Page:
Learnard, who was in the audience, was asked to comment on the question. The answer was “no” in terms of the business community paying the expense up-front, though the way she phrased her response noted that it was conceivable that the school system could be reimbursed for the expense.

Smith also asked if the non-profit had been created.

Learnard said the non-profit would be formed if the board approves the measure before them.

“If it passes tonight, then it starts tomorrow,” Learnard said, then responding to Smith’s question of the business community funding the consultant and needs assessment. “I can tell you that as many college and career academies as there are in Georgia, there are many ways to fund this. And it is conceivable that when the (state funding) comes in these funds are completely reimbursable to you.”

The discussion on the issue continued, with each board member noting their reasons pro and con. Smola said the career tech program with a separate center would include career tech and college courses. She also explained that the school system already has facilities available. Such a facility could be the Lafayette Education Center or, as Bearden had suggested earlier, one of the Fayetteville schools he proposed for closure.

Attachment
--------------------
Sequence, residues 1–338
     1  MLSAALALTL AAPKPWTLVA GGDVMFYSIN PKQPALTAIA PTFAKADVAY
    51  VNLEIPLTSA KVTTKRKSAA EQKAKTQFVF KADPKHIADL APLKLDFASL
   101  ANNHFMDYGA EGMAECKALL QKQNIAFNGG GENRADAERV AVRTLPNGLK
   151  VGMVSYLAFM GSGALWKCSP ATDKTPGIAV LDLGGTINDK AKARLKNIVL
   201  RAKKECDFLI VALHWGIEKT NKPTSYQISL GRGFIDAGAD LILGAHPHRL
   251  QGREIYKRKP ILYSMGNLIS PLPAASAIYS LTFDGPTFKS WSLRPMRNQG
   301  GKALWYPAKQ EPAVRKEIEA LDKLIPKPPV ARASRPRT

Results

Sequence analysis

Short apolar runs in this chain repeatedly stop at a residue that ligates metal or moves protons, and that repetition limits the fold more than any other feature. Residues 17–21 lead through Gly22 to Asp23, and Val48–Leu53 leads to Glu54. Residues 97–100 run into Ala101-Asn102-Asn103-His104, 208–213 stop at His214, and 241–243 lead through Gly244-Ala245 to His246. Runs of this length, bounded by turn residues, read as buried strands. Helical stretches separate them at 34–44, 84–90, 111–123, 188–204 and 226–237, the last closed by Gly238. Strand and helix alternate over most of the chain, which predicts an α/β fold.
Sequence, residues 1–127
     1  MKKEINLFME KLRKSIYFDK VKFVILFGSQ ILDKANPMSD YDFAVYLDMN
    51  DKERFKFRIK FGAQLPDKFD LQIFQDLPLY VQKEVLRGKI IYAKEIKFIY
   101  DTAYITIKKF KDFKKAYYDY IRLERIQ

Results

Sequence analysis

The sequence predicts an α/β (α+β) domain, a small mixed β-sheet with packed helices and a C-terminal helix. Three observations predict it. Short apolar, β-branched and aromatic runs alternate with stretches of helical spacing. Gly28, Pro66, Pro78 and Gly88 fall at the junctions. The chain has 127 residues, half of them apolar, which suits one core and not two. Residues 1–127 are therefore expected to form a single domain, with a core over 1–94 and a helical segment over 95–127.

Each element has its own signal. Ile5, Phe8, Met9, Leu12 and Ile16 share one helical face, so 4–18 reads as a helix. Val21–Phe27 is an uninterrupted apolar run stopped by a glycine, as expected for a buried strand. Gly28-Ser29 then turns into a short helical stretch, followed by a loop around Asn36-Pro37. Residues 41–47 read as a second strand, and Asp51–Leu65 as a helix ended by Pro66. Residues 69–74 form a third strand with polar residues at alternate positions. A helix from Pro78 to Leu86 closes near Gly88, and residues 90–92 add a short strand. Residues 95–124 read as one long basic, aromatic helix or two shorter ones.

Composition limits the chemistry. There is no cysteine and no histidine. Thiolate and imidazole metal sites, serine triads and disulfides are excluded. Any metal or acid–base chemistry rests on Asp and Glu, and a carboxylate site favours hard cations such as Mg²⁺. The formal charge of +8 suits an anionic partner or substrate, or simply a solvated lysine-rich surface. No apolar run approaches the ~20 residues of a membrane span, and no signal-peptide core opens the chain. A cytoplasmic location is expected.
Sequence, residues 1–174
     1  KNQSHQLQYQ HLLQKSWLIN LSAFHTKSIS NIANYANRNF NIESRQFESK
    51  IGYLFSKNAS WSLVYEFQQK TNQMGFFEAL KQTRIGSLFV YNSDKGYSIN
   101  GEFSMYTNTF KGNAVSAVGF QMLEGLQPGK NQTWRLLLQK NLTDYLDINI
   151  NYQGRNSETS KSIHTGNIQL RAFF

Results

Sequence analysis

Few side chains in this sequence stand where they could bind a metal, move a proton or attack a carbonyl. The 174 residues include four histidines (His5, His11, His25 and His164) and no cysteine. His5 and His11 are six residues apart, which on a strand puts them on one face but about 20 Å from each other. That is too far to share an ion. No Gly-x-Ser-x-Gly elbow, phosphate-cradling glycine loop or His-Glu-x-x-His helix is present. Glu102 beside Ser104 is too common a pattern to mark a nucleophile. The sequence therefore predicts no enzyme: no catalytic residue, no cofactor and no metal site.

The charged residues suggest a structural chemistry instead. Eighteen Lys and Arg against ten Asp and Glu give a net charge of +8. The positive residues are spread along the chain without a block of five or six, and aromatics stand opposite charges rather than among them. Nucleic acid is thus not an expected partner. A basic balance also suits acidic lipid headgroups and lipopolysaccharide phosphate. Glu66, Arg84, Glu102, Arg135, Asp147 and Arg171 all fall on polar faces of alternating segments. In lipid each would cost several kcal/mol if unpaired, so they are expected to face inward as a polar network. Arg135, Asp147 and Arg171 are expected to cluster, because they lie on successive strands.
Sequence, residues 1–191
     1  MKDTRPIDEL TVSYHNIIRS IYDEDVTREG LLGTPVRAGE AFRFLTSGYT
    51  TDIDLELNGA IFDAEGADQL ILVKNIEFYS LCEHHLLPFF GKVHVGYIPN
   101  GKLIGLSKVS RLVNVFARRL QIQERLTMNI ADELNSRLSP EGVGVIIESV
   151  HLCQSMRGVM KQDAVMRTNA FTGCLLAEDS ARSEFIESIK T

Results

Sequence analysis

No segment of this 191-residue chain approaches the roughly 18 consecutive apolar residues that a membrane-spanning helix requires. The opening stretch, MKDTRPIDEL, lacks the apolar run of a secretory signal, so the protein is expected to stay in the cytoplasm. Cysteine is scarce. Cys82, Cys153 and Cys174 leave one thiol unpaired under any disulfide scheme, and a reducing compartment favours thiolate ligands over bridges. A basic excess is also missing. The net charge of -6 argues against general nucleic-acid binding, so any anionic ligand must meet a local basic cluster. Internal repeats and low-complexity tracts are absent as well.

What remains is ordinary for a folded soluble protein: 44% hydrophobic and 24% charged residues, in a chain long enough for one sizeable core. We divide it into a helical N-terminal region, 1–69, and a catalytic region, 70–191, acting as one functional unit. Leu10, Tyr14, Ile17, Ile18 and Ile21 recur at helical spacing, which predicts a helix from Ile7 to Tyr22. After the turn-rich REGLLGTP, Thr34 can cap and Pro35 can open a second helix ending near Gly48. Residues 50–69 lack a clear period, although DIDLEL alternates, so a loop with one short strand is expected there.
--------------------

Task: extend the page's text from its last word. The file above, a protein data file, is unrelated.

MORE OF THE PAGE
Todd then explained his central reason for opposing the motion. It was not the idea of expanding the career tech program. It was the part of the proposal that would take the programs out of the high schools and put them, instead, in one central location. Key agreed.

“You don’t have to. You can leave them in the high schools,” Smola said, adding that the school system would not be duplicating efforts if the program functioned in one center.

Smith added that it would be worth doing the assessment even if a central location is not used.

“It’s worth doing the assessment even if we don’t do the center. Where we hold classes is practically irrelevant to me even though I think one setting would save on costs,” Smith said.

The discussion continued for a brief time before the 3-2 vote was taken. Smith, Smola and Presberg voted in favor of the motion while Key and Todd were opposed.

Learnard in July had advanced the idea of taking the advice of local businesses and taking advantage of the current state funding trend to expand the career tech program.

There was another facet to the proposal Monday night that was never mentioned. It deals with history and it happened at a board meeting approximately three years ago.

It was a meeting where Todd had noted the national trend towards increasing numbers of jobs no longer requiring a four-year college degree. Todd at the meeting suggested that the school system consider expanding the career tech offerings to meet the current and future need.

His suggestion at that time was met with silence by board members Janet Smola, Terri Smith and Lee Wright.



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Growing up at 110 Flamingo Street, I learned math many different ways, both in and out of school. When math was just numbers it was easy to understand.